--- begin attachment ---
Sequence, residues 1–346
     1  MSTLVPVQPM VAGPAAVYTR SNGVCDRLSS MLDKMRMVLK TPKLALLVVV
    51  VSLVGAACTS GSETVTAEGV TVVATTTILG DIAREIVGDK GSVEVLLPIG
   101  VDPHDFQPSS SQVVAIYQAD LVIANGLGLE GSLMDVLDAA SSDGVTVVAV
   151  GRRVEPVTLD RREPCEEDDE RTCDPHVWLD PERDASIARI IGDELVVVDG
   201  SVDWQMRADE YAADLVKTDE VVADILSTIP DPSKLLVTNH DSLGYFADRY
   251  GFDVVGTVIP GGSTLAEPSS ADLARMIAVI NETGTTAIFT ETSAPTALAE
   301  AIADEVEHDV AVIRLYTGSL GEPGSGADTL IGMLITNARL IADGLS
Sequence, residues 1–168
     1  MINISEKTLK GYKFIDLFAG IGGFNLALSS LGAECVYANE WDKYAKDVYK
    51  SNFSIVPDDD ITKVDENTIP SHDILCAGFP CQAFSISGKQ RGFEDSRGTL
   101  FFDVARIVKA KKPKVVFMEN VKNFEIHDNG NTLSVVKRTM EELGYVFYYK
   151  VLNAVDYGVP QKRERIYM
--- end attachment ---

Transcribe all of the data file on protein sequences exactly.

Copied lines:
Sequence, residues 1–346
     1  MSTLVPVQPM VAGPAAVYTR SNGVCDRLSS MLDKMRMVLK TPKLALLVVV
    51  VSLVGAACTS GSETVTAEGV TVVATTTILG DIAREIVGDK GSVEVLLPIG
   101  VDPHDFQPSS SQVVAIYQAD LVIANGLGLE GSLMDVLDAA SSDGVTVVAV
   151  GRRVEPVTLD RREPCEEDDE RTCDPHVWLD PERDASIARI IGDELVVVDG
   201  SVDWQMRADE YAADLVKTDE VVADILSTIP DPSKLLVTNH DSLGYFADRY
   251  GFDVVGTVIP GGSTLAEPSS ADLARMIAVI NETGTTAIFT ETSAPTALAE
   301  AIADEVEHDV AVIRLYTGSL GEPGSGADTL IGMLITNARL IADGLS
Sequence, residues 1–168
     1  MINISEKTLK GYKFIDLFAG IGGFNLALSS LGAECVYANE WDKYAKDVYK
    51  SNFSIVPDDD ITKVDENTIP SHDILCAGFP CQAFSISGKQ RGFEDSRGTL
   101  FFDVARIVKA KKPKVVFMEN VKNFEIHDNG NTLSVVKRTM EELGYVFYYK
   151  VLNAVDYGVP QKRERIYM